Do you eat healthy during the week, then ease off the brakes on the weekend? You’re not alone.
But such a five days on-two days off eating regimen can erode diet quality, according to a study published recently in the Journal of the Academy of Nutrition and Dietetics. Not only did participants take in more calories on weekends than on weekdays, they were less healthy calories, to boot. They consumed more alcohol and fat, and ate less of the good stuff, like yogurt, fruits, dark green and orange vegetables, chicken, nuts and seeds, and whole grains. And if the calories you consume on the weekend exceed the number you take in during the week, that’s a net surplus — read: weight gain.
Besides stalling any weight-loss efforts, weekend junk-food binges can also negatively impact the healthy bacteria in your gut.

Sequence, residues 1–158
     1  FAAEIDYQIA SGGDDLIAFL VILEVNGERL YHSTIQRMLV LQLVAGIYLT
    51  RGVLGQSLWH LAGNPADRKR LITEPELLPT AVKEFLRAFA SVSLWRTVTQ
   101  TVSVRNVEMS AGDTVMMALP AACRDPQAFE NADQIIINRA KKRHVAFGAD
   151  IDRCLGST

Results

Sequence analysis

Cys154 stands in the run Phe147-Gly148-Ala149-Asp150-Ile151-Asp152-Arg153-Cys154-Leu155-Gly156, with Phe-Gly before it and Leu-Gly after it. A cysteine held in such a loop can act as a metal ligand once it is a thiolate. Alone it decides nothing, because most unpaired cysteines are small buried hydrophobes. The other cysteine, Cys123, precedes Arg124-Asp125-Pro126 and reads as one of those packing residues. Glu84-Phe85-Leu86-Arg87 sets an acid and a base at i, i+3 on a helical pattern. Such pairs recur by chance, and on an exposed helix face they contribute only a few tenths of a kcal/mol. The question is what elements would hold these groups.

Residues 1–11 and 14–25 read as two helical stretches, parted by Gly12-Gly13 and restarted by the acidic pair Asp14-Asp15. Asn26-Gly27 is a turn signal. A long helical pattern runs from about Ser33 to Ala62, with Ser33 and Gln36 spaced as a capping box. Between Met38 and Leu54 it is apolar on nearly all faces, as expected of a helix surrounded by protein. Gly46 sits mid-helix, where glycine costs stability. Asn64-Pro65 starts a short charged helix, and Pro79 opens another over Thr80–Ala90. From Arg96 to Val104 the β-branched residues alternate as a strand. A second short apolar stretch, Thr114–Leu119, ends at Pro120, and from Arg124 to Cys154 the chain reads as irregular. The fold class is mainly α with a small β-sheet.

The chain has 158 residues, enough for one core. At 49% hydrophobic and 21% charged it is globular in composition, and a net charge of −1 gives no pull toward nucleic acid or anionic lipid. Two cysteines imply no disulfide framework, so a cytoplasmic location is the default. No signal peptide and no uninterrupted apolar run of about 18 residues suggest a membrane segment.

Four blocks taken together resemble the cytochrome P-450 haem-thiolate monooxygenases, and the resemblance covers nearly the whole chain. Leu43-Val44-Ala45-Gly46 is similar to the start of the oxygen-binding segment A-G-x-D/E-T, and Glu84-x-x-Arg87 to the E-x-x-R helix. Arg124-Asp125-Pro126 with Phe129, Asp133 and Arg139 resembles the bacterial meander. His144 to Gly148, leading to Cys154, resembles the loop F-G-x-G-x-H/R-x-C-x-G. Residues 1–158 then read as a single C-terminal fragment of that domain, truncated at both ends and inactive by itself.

A lab study published in Molecular Nutrition & Food Research found that cycling on and off junk food was almost as detrimental to the delicate balance of the gut microbiome as eating it all the time. In particular, a junk-food diet reduces the microbes needed to metabolize flavonoids, a category of micronutrients thought to help with weight loss and brain health.
If you look forward to letting loose on the weekends, find other ways to unwind. For instance, try a new activity — you’ll burn more calories and boost your weight-loss (or control) efforts. If going out for a big brunch is your downfall, schedule a trip to the gym instead. Weekends are also perfect for doing some healthy cooking. Make enough to have for brown-bag lunches so weekday eating is more satisfying.
The U.S. Centers for Disease Control and Prevention has a list of resources for healthy recipes to jumpstart weekend cooking.